The Civil War: Mississippi River Campaign Tour visits the sites and battlefields fought along the Mississippi River, including Memphis, Shiloh, Vicksburg, Port Hudson and New Orleans. This tour was inspired by Stephen Ambrose’s books, Upton and the Army and A Wisconsin Boy in Dixie, as well as Struggle for Vicksburg, a short battlefield guide that Ambrose boasted sold more copies than any of his bestsellers. Ambrose revered the Mississippi River as the great artery of national commerce. In his view, Federal forces would never rest until the mighty Mississippi flowed “unvexed to the sea” again following the seizure by the Confederates of this great American waterway.
Ambrose also recognized the primary significance of the rail lines as the links that tied the Confederacy together from east to west. Connecting the Gulf of Mexico to Kentucky, the rails were the sinews of the rebellion—and the cords of Union that Federal armies must control to win the war. As a Yankee who moved to New Orleans, Ambrose always appreciated the South, the food, music, architecture and society. In addition to studying the tactics of battle, the logistics of war and the clash of opposing forces, this tour is also designed to reveal something of the great American way of life that thrives below the Mason Dixon line.
DAY 1 Memphis
Your group will meet at the hotel for a welcome reception, introductions all around, and an overview of the tour; the campaigns that restored control of the Mississippi River to the USA.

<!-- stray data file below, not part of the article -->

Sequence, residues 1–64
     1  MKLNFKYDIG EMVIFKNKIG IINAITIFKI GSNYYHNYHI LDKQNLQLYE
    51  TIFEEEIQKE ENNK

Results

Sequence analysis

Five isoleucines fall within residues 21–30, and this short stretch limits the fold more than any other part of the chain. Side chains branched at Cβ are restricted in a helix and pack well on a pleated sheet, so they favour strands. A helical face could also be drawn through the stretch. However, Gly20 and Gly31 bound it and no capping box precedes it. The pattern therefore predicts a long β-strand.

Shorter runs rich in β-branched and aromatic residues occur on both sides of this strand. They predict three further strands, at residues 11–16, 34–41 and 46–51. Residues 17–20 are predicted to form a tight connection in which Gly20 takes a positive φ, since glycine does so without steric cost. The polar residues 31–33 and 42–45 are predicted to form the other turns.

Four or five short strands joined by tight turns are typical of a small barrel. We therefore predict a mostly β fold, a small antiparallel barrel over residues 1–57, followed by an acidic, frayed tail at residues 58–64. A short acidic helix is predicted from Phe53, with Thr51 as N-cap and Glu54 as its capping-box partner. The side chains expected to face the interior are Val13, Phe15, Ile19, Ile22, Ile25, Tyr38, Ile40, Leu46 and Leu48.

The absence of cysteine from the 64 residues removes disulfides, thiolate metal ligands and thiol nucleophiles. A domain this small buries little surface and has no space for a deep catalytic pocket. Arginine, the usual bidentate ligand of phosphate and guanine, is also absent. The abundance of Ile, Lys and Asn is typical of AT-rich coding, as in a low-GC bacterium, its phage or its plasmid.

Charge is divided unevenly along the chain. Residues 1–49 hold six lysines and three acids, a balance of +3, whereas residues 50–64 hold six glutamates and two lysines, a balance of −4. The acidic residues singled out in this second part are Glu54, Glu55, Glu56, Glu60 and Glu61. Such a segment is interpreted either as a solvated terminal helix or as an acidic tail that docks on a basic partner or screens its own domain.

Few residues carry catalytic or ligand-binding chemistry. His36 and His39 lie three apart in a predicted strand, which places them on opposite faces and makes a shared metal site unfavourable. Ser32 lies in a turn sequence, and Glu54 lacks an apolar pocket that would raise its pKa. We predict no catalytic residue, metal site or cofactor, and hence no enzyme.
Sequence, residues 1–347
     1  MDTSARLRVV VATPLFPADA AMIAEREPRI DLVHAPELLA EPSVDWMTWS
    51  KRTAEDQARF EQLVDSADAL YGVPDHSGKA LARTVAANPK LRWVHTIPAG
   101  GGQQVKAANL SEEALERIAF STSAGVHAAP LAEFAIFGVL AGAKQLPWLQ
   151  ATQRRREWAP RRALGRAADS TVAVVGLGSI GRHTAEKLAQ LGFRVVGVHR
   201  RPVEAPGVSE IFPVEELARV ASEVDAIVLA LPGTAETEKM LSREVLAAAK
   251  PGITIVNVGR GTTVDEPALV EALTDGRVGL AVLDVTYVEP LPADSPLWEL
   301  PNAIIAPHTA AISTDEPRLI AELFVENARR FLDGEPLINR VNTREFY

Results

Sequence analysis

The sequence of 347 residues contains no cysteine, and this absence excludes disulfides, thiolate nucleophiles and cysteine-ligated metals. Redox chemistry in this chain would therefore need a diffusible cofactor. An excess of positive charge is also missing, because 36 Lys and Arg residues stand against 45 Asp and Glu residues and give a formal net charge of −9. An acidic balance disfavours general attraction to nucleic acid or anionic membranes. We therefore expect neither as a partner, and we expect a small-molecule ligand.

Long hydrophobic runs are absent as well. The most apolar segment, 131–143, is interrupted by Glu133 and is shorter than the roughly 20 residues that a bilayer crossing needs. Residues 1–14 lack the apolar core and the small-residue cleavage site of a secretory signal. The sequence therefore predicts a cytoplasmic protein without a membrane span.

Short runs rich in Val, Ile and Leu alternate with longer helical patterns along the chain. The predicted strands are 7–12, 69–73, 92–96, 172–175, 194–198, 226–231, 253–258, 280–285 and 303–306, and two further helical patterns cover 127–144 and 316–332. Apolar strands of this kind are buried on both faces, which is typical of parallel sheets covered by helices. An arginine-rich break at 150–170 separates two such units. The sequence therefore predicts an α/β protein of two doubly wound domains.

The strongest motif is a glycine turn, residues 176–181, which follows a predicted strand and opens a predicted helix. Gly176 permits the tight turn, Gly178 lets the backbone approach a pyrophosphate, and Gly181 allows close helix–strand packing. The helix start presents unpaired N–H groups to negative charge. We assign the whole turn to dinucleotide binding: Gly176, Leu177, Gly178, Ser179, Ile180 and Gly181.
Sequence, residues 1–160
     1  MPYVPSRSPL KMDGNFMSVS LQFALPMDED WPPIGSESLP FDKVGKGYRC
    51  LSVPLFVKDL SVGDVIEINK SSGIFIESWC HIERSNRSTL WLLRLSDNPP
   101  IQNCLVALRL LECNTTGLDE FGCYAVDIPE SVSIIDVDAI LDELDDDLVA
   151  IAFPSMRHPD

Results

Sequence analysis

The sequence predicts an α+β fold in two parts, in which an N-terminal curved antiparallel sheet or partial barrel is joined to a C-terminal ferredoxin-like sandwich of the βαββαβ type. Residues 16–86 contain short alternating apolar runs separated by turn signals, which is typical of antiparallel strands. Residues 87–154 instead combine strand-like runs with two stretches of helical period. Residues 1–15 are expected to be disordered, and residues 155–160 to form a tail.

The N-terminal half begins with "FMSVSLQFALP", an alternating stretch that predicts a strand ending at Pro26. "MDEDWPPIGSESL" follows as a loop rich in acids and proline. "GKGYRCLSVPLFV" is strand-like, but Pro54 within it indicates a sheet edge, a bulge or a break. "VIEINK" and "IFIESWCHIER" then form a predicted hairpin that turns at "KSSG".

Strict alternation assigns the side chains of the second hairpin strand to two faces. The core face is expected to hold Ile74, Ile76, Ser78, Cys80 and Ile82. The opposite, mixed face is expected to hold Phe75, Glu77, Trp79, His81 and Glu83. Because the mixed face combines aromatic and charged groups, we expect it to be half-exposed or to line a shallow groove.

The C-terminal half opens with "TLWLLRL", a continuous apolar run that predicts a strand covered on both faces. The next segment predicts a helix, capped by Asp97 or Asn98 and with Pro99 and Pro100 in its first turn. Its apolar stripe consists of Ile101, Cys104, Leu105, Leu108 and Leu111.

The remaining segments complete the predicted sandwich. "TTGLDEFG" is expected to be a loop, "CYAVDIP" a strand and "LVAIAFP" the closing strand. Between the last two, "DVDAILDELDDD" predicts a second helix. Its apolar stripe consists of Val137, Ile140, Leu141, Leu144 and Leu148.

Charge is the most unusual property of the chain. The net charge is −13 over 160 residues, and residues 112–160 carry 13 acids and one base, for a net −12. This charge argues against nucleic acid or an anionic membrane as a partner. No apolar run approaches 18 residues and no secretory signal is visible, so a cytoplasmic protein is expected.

DAY 2 Corinth
You will start with a brief visit to Confederate Park in Memphis on the Mississippi River where a naval battle fought here on June 6, 1862 resulted in a crushing defeat for the Confederates.
After traveling by late morning to Shiloh National Military Park, you will analyze the two days of bloody battle that raged at Shiloh until the Confederates finally withdrew from the field without result.
You will overnight in Corinth, Mississippi.
DAY 3 Tupelo
In the spring of 1862, the initial Union objective was the vital rail link at Corinth that connected the western Confederacy to its Atlantic states and also linked the South from the Gulf of Mexico to the border states. After a lengthy siege in April and the bloody battle called Second Corinth that lasted for two days in October, the Union achieved its objective of capturing this crossroads town. The victory here for the USA opened the door for the Vicksburg Campaign.
Your morning will begin with a tour of historic Corinth and the antebellum homes that quartered generals from both sides during the Civil War. You will spend the rest of the morning, visiting the Civil War Interpretive Center, Crossroads Museum, and Corinth Contraband Camp. You will also view the redoubts where the battle itself and its related skirmishes happened in the autumn of 1862.
In the afternoon, you will pass by Brice's Crossroads, the site of a much-later clash between Confederate troops under General Nathan Bedford Forrest (the post-war founder of the Ku Klux Klan) and the Union Cavalry under General Samuel D. Sturgis. Stopping here, you will learn how Forrest craftily routed the Union forces, though his Confederates were outnumbered nearly two to one.
DAY 4 Vicksburg